Because the term "marriage" is currently used in both a legal and religious / spiritual manner, the debate today revolves around whether a same-sex civil union is spiritually valid in the same way a man/woman civil union is.  The opponents fear if same-sex couples are allowed to "merge" that this debases the institution of "marriage" from a spiritual or religious sense of what is considered proper human conduct.


If we are to replace all state and legal usage of "marriage" with "civil union" this removes the "spiritual" debate from the issue.  Purely on a matter of civil rights, the legal and economic benefits of marriage must apply to same-sex couples.  The real issue I feel that is in debate, is whether same-sex couples are valid in the eyes of the spiritual and religious aspect of marriage.  For that, I do not devote this paper to arguing.  My point here is that if in the eyes of the state, 2 people of legal age want to "form a merger" they should be able to do so and this "merger" will be called a "civil union" no matter whether it is same-sex or conventional.  In non-legal discussions, people can call their "union" whatever they want.  Gay couples would be free to tell people they are "married" and anyone against the idea of gay couples are free to not recognize this distinction, much like some countries don't recognize Israel as a valid country.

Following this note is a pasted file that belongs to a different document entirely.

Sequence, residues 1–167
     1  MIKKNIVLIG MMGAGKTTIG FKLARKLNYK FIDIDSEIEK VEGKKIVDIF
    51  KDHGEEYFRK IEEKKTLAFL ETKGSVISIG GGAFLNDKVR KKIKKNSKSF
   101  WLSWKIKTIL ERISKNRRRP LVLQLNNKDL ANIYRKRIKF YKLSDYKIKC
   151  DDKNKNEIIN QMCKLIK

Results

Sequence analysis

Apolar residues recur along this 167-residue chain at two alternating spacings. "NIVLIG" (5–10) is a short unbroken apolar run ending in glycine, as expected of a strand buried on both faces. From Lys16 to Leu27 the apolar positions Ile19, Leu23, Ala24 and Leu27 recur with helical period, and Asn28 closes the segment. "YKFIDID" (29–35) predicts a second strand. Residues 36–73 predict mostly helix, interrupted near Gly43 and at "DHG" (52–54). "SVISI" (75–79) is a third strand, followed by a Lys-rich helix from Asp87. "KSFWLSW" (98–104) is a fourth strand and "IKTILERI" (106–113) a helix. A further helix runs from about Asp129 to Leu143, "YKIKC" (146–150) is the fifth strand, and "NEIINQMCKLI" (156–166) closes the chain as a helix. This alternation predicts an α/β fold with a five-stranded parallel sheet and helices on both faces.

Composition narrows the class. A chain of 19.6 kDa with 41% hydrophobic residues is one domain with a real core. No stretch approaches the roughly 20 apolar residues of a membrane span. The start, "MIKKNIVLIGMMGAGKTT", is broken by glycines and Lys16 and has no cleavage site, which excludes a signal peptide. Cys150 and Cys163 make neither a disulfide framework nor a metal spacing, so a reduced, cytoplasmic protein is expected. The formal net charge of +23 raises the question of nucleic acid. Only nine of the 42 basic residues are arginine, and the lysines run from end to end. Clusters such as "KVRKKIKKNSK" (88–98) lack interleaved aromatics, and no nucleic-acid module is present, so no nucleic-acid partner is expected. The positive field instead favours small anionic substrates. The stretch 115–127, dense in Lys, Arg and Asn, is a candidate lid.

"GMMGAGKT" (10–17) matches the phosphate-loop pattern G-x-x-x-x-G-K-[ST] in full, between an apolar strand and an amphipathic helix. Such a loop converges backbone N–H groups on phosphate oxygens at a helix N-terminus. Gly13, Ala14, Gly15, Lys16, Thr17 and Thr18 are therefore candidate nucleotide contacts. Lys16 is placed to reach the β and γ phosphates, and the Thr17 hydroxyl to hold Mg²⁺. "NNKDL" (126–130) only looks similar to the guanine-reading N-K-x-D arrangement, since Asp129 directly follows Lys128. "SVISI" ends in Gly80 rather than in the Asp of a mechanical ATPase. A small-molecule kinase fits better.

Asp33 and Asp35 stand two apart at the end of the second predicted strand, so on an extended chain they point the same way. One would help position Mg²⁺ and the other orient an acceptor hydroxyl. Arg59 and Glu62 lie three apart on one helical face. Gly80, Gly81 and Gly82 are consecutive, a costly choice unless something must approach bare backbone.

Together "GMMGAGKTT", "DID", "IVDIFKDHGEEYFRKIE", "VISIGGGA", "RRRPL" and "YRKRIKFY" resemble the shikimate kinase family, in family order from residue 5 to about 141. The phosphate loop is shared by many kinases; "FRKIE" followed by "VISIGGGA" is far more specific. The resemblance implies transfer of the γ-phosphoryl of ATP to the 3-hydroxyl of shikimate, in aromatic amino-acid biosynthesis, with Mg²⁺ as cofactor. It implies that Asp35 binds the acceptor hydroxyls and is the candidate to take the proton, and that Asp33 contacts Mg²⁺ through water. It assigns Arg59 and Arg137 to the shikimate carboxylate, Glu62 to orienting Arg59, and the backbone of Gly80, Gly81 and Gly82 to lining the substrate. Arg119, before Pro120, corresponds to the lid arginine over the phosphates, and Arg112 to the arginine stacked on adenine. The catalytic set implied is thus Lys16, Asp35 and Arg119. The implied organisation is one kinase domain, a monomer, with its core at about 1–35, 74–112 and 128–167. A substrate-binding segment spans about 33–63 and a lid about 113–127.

I think both sides of the debate are the cause for why this has or will not happen.  Because both sides seem to insist of forcing the state to "decide" the spiritual part of the debate.  Gays want the term to remain "marriage" to prove that their bond is as valid as any conventional one.  And opponents of gay "marriage" don't want the state to change the name to "civil union" because they feel it will devalue their conventional "marriage" even though it's still the same thing as it was before and church proceedings will go on as before.  People forget that you can currently get married at City Hall by a judge, the ultimate example of how this enterprise is really just a legal process, when it comes down to it.  No matter what religious ceremony is performed, all marriages are the same in the eyes of City Hall.  So, the changing of the term for how City Hall views this "merger" should not matter at all, whether you have a gay or straight couple tying the knot.